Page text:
Hand Fed Coal Stove: Harman Mk II
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Re: I just awoke from my Coma.

PostBy: jpete On: Sun Mar 29, 2009 6:18 pm

Here's why China wins. The government allows this type of thing, and they can find people to actually do it!! Talk about jobs Americans don't want to do!!!



http://www.youtube.com/watch?v=W_YnaHNc ... re=related
jpete
 
Hand Fed Coal Stove: Harman Mk II
Coal Size/Type: Stove, Nut, Pea
Other Heating: Dino juice

Re: I just awoke from my Coma.

PostBy: billlindley On: Sun Mar 29, 2009 9:27 pm

jpete wrote:
billlindley wrote:I posted a few notes about this new world currency on a couple of other posts. It is quite scary but one thing you have to remember is that if there were a new world currency it would hurt many nations as the Dollar would likely fall in value tremendously. Countries like China, Japan, Russia, UK, Brazil, Luxemburg and even OPEC would be dealt a substantial blow if this would happen. If no one wanted dollars then they wouldn’t be worth nearly as much and as the value drops it would harm the sovereign wealth funds of the above mentioned countries. Surely they wouldn’t be able to dump their dollars on the open markets as that would intensify the drop. The US dollar is so intertwined with commodities markets and the like so I don’t see this happening anytime soon.


Current list of foreign holders of US treasuries:

China - $800 Billion
Japan – $635 Billion
OPEC - $200 Billion
Brazil - $140 Billion
UK - $125 Billion
Russia - $120 Billion
Luxemburg - $90 Billion


But if you converted dollars to whatever the new currency is, even at a 2 or 3 or whatever ratio, China still comes out ahead. Just create a new competing currency and let the owners of the dollars decide. Of course, since China is the one proposing this, I'd bet they'd have the largest say in what that new currency is. And it's not like WE can live without China. The shoe is on the other foot. We don't produce the most basic things we need to maintain our life styles. And we wouldn't be able to for some time. On the other hand, China manufactures most everything. More and more all the time. And the whole world buys from them. The world gets less and less from us all the time. And China could make whatever anyone needed cheaper if there was a market for it.

Then add India into the mix and we could easily be out of business.


If this new currency was created tomorrow and China decided they wanted to convert all their dollars into this new currency they would still need someone holding this new currency to sell it to them for the dollars. The only other option would be for the US to buy back the debt and pay it off which I don’t see happening. The currency markets move to quick for China to just dump without every other nation dumping and all of the sudden China can’t buy any of this new currency because they have worthless dollars. It could happen in the future where markets get pegged to a different currency but a world currency doesn’t seem right. The dollar was never intended to be a “world” currency it just happened because Initially gold backed the paper up and now the word of the US federal government. Since the US economy was so important to the global economy it made sense. I could see maybe the Euro becoming the currency of choice in the near term but there are issues there as well.

As far as China goes yes they do make basically everything but if the dollar falls to far it makes sense for other nations to buy our goods as opposed to Chinas. We do have a decent manufacturing base it just has contracted since Chinese goods have been cheaper for so long. If American goods become cheaper relative to China goods then we would become, once again, a manufacturing nation as opposed to a consuming nation. This would happen quickly if this new world currency is pegged to the Yuan.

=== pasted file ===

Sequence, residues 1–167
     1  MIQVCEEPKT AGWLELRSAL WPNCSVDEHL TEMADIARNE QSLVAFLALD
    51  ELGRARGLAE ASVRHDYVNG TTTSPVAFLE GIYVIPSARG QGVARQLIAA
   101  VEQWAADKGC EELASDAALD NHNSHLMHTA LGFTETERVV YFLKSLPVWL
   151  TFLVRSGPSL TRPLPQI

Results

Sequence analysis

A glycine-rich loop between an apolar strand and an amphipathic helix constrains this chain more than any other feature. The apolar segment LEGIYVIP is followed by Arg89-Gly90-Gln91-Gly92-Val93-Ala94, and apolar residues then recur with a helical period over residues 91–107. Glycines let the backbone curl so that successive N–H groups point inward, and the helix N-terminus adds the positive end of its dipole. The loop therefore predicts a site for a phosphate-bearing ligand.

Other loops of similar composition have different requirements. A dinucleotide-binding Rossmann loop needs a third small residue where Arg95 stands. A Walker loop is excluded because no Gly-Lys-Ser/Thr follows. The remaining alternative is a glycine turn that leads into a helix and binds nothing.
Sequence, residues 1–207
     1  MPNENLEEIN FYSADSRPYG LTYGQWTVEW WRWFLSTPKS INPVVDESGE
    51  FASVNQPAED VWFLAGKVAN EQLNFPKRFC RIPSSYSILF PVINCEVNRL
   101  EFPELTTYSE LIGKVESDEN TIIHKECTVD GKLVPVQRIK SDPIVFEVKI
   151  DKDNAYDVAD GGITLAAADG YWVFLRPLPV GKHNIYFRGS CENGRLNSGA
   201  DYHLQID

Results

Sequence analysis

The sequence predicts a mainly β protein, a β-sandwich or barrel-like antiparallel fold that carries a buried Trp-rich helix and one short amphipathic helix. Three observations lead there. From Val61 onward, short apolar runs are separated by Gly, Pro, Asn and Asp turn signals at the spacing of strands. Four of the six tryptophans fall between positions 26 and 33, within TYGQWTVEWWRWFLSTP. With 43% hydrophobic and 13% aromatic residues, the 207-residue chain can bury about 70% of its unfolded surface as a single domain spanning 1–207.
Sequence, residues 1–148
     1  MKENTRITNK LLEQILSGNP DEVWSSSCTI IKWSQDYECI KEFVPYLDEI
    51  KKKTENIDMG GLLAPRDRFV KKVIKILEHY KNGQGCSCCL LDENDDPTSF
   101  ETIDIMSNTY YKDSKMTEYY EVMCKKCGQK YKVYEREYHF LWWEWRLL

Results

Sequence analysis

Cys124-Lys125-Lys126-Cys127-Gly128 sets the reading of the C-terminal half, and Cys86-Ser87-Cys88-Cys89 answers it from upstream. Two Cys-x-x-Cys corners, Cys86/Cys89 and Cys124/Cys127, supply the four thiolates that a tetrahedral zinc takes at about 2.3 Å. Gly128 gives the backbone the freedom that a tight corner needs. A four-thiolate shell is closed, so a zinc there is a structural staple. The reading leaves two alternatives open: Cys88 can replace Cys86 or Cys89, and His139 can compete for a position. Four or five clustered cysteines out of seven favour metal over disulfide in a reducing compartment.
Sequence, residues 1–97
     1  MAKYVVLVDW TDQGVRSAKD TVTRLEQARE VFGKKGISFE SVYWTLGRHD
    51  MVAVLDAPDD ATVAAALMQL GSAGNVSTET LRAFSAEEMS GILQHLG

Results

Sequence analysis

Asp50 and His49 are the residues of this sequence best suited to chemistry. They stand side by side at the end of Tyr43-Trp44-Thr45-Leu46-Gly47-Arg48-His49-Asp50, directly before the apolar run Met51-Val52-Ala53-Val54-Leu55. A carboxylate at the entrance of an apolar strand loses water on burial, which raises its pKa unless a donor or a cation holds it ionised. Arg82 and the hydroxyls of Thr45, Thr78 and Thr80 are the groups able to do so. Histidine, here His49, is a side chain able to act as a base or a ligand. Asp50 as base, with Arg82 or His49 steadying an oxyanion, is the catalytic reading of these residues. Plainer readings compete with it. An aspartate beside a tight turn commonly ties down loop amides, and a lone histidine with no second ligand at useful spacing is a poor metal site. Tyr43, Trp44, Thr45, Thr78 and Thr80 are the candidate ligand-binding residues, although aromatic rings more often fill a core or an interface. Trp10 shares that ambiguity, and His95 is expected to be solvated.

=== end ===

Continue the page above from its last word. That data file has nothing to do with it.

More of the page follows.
All this talk tough is a little mute. Even as the US economy faces its biggest contraction since the great depression and everything looks bleak at the end of the day this countries economy is still roughly 25% of the entire worlds GDP!!! As much as the rest of the world hopes and prays the US economy is going no where and neither is the US dollar.

A footnote I am usually very negative about the US economy and I think things will get worse before they get better.
billlindley
 
Stove/Furnace Make: Reading
Stove/Furnace Model: Lehigh RS-96

Re: I just awoke from my Coma.

PostBy: jpete On: Sun Mar 29, 2009 9:54 pm

billlindley wrote: The dollar was never intended to be a “world” currency it just happened because Initially gold backed the paper up and now the word of the US federal government.


But if the dollar, now, is backed by "the full faith and credit of the US government", what happens when we run out of both? And are we getting close now?

billlindley wrote: As far as China goes yes they do make basically everything but if the dollar falls to far it makes sense for other nations to buy our goods as opposed to Chinas. We do have a decent manufacturing base it just has contracted since Chinese goods have been cheaper for so long.


I've been in manufacturing since around 1990 and my feeling is, it's really not what it used to be. In all areas. From physical capacity to the people who know how to do it. My buddy(former boss) is basically out of business. He's been making progressive dies for 20 years and about 5 years ago, he laid off all his guys and hasn't gotten enough work to need to call them back. A job here and there that he does himself. Most of it of course, went to China.

From where I stand, we just wouldn't be capable of doing what was needed to start manufacturing again. And heaven forbid we get into a WWII situation where we had to make a lot of stuff really fast.
jpete
 
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Re: I just awoke from my Coma.

PostBy: brckwlt On: Sun Mar 29, 2009 10:04 pm

Dont forget about canada.

They hold roughly 24 billion of our debt.
brckwlt